With today’s low interest rates, it's a great time to refinance.
A mortgage refinance simply replaces an existing home loan with a new one.
Here’s how it works:
When you buy a home, you get a mortgage to pay for it. The money goes to the home seller. When you refinance, you get a new mortgage. Rather than the funds going to the home’s seller, the new mortgage pays off the balance of the old home loan.
Just like you had to meet the lender’s requirements for the original mortgage, again you need to apply and qualify for your new loan.
Before you get started, decide on your objective:
Reduce the monthly payment.
To pay less each month, you can refinance into a loan with a lower interest rate or extend the loan term. However, when you extend the term, you pay more interest over the length of the loan.
Tap into your equity.
With a cash-out refinance, you can borrow more than you owe, and receive a check for the difference. It’s often possible to get a cash-out refinance and a lower interest rate at the same time.
Shorten your term.
When you refinance from a 30-year mortgage into a 15-year loan, you pay off the loan in half the time, which means you pay less interest over the life of the loan. Depending on your rate and amount of equity, your payment may stay the same or go up slightly, but it’s important to focus on the overall savings if you intend to stay in the home.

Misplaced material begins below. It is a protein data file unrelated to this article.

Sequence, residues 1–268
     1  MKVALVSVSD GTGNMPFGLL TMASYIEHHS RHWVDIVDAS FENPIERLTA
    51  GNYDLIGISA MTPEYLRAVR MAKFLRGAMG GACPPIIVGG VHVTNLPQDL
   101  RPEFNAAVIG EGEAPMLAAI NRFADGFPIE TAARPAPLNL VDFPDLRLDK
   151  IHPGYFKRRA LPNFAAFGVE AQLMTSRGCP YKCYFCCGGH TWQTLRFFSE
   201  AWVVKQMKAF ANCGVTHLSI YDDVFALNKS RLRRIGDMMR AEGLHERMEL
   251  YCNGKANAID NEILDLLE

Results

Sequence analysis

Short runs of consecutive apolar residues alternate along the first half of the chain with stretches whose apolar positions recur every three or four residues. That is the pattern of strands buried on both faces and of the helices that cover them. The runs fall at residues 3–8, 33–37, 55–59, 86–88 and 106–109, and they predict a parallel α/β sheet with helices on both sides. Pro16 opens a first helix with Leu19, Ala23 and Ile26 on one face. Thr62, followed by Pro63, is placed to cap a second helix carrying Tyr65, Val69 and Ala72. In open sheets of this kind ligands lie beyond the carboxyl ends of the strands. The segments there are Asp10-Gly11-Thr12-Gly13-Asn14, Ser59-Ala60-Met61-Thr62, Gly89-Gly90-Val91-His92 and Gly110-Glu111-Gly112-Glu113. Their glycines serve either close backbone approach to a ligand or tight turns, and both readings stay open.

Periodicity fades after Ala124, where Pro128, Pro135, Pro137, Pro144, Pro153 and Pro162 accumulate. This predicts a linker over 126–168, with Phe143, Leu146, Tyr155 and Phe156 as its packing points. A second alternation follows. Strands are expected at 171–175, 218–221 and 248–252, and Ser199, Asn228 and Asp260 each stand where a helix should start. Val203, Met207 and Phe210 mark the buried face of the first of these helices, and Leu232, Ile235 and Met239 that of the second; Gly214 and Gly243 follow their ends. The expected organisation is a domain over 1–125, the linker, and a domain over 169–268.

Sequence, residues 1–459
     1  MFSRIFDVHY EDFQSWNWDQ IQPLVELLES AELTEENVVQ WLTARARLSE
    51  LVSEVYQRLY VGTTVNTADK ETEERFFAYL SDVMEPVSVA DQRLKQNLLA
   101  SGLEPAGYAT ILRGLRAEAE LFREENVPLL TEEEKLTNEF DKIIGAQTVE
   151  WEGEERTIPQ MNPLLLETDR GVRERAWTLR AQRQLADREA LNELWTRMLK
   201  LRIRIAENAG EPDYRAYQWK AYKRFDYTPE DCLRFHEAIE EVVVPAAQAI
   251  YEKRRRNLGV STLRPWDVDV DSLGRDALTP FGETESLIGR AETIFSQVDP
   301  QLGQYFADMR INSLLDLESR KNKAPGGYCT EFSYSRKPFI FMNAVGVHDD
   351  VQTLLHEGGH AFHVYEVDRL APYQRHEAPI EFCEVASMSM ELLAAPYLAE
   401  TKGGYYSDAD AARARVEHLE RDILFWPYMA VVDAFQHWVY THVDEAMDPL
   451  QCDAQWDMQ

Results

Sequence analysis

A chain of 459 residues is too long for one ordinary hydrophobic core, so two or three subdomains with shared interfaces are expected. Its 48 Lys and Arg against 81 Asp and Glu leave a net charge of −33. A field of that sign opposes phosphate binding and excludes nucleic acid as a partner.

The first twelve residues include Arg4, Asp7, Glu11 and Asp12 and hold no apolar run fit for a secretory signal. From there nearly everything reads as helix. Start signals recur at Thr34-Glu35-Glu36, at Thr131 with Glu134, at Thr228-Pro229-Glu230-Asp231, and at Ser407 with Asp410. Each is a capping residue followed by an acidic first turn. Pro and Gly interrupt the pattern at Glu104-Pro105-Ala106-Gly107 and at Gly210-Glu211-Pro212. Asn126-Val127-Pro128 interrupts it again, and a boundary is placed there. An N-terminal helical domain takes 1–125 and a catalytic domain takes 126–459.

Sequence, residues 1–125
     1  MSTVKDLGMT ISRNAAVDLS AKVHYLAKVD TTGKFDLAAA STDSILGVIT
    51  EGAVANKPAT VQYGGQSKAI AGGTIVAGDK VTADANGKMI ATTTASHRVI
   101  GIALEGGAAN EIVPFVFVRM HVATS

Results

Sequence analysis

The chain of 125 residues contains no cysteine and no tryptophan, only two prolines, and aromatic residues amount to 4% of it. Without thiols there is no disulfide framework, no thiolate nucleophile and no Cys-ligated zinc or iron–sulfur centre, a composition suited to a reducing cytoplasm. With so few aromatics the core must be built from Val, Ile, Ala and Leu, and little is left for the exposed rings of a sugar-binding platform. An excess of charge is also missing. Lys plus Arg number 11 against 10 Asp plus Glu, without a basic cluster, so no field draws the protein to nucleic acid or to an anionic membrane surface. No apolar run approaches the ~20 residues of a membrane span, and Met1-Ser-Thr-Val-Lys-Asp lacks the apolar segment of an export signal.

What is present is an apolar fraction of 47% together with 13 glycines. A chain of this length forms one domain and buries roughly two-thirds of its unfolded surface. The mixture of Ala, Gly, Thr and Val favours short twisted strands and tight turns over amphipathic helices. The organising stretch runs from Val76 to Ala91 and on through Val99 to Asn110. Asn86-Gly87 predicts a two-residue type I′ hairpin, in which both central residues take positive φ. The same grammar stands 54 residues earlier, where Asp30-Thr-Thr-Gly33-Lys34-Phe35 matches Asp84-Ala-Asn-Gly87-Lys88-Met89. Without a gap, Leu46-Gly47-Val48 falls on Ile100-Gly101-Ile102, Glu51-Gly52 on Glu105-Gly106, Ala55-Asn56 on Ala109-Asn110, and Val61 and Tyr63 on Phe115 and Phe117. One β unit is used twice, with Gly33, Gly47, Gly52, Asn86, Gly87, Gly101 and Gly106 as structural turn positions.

Eliminate FHA mortgage insurance.
Private mortgage insurance on conventional home loans can be canceled, but the Federal Housing Administration mortgage insurance premium (MIP) often cannot. To get rid of FHA mortgage insurance premiums you must either sell or refinance when you have accumulated enough equity.
Switch from an adjustable to a fixed-rate loan.
A fixed-rate loan removes the risk of higher payments in the future.
There are pros and cons with regards to refinancing a mortgage. We'd love to help determine if this is right for you. For more information on refinancing your home, contact Sue Meitner today at 215-469-1000.